If you feel shame around food, meaning that you tend to eat faster and more when no one is watching, and if this shame-eating starts when you feel uncomfortable, such as loneliness, anger, or stress, you are probably experiencing emotional eating.

The use of food as a tool of confrontation rather than a source of physical nourishment can lead to emotional eating. Emotional eating can both lead to eating disorders and weight gain and also avoid truly solving your emotional shifts.

Health Consequences of Eating Fast

Gaining a few kilos can be a harmless consequence of eating fast. However, long-term weight gain can increase certain chronic diseases such as type 2 diabetes, cholesterol and hypertension. If eating too fast becomes an unhealthy habit, it can increase the risk of having cardiac disease as well. It can also cause metabolic and digestive dysfunctions, and gastritis can occur at an early age.
why do I eat so fast

Benefits of Eating Slower

By stopping the habit of quick eating and starting chewing slower, applying mindful eating techniques and avoiding distractions during eating times, it is possible to have control over your portions and food choices.

1. Improved Digestion

Digestion starts with your mouth. To leave less work to your stomach and digestive system, you have to chew more and, therefore, eat slower. Stopping for a couple of seconds between your bites can give your stomach some time to process the food. The less you tire your digestive system, the less likely you will develop digestive issues.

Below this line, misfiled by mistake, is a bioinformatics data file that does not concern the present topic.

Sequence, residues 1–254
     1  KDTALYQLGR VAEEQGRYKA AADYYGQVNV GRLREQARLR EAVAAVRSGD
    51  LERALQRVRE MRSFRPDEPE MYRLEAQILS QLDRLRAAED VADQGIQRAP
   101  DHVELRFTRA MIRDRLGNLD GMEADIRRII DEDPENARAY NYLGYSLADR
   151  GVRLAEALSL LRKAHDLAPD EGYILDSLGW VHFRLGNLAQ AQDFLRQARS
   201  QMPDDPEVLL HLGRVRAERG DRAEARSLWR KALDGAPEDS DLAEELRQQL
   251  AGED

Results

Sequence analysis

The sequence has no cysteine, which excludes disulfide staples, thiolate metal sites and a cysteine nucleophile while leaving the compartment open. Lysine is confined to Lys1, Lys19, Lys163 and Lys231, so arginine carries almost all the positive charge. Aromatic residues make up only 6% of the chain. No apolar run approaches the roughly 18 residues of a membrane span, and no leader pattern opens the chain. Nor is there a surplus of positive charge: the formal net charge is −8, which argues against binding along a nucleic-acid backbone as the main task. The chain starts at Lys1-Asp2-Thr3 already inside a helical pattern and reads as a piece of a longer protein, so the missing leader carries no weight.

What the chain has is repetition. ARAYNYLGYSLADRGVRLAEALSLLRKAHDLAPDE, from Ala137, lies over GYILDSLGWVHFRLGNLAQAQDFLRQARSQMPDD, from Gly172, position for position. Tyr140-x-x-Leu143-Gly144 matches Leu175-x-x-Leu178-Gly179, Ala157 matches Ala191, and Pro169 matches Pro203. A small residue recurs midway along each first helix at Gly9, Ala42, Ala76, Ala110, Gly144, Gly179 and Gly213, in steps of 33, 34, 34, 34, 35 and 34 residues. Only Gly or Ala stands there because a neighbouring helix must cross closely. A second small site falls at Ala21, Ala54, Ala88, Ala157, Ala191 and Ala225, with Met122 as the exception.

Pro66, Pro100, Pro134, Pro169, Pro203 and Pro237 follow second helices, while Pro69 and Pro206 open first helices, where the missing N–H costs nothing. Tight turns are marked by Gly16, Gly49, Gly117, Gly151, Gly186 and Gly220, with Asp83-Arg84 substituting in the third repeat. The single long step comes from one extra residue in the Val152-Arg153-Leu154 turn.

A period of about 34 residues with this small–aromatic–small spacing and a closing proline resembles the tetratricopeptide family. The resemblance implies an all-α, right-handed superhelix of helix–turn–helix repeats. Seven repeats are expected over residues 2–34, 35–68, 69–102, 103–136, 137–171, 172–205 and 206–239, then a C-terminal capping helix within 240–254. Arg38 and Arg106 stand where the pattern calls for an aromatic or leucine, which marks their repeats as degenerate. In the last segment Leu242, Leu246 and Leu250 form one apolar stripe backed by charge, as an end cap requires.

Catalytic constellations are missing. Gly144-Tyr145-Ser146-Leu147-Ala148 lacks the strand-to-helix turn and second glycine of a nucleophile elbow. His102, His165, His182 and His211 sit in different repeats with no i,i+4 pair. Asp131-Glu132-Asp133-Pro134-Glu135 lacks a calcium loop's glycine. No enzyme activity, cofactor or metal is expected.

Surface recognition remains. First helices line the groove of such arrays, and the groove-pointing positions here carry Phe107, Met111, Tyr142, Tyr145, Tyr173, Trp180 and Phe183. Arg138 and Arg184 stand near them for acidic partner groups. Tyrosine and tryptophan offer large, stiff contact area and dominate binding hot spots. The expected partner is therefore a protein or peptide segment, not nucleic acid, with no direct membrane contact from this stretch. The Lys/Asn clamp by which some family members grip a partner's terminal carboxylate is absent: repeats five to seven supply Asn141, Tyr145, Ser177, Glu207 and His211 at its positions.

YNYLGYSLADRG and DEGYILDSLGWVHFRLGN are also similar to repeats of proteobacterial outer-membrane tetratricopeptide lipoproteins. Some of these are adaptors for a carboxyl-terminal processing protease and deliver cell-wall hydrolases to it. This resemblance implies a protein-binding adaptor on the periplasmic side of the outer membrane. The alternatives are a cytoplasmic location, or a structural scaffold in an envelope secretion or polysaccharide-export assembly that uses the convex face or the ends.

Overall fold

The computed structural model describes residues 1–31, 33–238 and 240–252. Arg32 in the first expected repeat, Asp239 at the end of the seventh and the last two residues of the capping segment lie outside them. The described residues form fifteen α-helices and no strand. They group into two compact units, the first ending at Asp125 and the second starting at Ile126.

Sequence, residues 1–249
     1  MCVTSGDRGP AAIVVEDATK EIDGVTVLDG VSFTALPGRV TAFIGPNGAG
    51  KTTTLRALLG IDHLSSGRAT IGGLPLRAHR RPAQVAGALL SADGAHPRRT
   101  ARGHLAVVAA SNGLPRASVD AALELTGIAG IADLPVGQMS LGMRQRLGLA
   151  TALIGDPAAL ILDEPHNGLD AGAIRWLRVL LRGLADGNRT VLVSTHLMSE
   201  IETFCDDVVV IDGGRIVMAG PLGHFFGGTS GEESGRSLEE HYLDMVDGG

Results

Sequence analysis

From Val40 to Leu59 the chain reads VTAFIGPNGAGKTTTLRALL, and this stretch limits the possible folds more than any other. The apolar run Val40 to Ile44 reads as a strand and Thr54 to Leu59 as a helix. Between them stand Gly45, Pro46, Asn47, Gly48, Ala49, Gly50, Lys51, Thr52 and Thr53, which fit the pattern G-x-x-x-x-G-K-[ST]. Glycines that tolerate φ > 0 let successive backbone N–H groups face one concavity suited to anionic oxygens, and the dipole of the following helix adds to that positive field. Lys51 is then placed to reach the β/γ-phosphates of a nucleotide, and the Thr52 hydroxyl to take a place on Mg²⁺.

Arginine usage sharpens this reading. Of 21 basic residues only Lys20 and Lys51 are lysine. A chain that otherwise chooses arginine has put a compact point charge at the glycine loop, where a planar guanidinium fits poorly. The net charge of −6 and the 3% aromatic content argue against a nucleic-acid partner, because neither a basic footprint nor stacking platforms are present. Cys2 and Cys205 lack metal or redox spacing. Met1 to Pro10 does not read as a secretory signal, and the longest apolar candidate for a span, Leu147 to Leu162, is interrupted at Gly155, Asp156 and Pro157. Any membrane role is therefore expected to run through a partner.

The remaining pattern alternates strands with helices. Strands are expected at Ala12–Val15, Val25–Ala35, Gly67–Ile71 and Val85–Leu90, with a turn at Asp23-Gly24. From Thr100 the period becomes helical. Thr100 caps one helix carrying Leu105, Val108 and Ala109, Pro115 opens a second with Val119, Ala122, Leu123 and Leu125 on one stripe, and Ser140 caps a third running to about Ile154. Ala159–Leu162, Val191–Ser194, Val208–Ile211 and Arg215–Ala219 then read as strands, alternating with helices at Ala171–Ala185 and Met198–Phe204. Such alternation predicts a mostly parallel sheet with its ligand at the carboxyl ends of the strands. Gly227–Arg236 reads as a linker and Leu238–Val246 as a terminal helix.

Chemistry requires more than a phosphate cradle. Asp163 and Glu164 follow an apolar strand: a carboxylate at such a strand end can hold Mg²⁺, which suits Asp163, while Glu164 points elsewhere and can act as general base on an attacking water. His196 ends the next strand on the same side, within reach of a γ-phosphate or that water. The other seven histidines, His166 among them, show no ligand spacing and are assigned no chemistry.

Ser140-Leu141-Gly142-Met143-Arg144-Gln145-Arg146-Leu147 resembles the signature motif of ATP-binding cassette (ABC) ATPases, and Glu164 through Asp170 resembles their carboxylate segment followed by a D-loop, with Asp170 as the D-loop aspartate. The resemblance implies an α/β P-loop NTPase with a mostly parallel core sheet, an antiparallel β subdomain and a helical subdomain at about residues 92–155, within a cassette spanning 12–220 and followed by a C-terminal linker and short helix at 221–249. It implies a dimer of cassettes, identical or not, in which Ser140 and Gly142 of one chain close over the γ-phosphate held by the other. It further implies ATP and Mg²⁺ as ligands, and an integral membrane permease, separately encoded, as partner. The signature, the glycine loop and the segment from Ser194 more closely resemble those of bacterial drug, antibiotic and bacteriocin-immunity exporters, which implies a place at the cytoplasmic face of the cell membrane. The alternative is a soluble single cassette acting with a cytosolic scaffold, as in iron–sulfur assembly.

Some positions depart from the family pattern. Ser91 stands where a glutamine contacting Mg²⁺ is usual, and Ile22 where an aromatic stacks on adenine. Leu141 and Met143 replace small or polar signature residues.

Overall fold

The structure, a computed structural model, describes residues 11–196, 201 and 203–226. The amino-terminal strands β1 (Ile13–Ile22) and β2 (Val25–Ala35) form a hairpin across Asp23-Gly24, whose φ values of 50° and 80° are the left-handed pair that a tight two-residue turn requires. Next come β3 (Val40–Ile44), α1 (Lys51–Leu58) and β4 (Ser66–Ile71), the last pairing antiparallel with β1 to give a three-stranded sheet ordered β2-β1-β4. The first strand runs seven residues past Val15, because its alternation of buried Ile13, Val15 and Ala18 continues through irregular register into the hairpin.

2. Weight Loss and Management

Eating slower will help with your weight management, decrease inflammation and feeling uncomfortable after eating, help you set a healthier relationship with food, and protect you from possible encounters with eating disorders. Eating slower and calmer is the best answer if you wonder how to stop eating so much.

How to Eat Slower

If you searched for how to eat slowly, the good news is you have already done half the work by noticing your quick eating habit and deciding to fix it. There are several tips recommended for slower eating; let’s explore!

Practical Tips and Strategies

First, you should treat eating times as eating times and avoid eating without sitting. Using utensils will slow down your eating. In between every few bites, put the fork or spoon down and pause for a short moment. You may also push the plate away, let your digestive system work, and then take the plate back. If you like snacking, you can set a time limit for the snack time. For example, if you decide 15 minutes is the best, avoid finishing your snack after 15 minutes.